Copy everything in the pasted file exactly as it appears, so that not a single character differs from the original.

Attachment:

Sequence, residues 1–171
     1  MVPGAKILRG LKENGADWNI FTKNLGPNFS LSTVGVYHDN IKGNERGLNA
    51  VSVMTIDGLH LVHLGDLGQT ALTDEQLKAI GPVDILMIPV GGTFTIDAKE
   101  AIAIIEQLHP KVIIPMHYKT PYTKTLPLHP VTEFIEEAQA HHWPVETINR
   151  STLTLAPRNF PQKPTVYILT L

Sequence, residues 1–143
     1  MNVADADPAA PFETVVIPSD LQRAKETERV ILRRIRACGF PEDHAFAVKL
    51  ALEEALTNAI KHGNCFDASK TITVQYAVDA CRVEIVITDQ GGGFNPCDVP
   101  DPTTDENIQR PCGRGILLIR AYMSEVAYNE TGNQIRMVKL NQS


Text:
Sequence, residues 1–171
     1  MVPGAKILRG LKENGADWNI FTKNLGPNFS LSTVGVYHDN IKGNERGLNA
    51  VSVMTIDGLH LVHLGDLGQT ALTDEQLKAI GPVDILMIPV GGTFTIDAKE
   101  AIAIIEQLHP KVIIPMHYKT PYTKTLPLHP VTEFIEEAQA HHWPVETINR
   151  STLTLAPRNF PQKPTVYILT L

Sequence, residues 1–143
     1  MNVADADPAA PFETVVIPSD LQRAKETERV ILRRIRACGF PEDHAFAVKL
    51  ALEEALTNAI KHGNCFDASK TITVQYAVDA CRVEIVITDQ GGGFNPCDVP
   101  DPTTDENIQR PCGRGILLIR AYMSEVAYNE TGNQIRMVKL NQS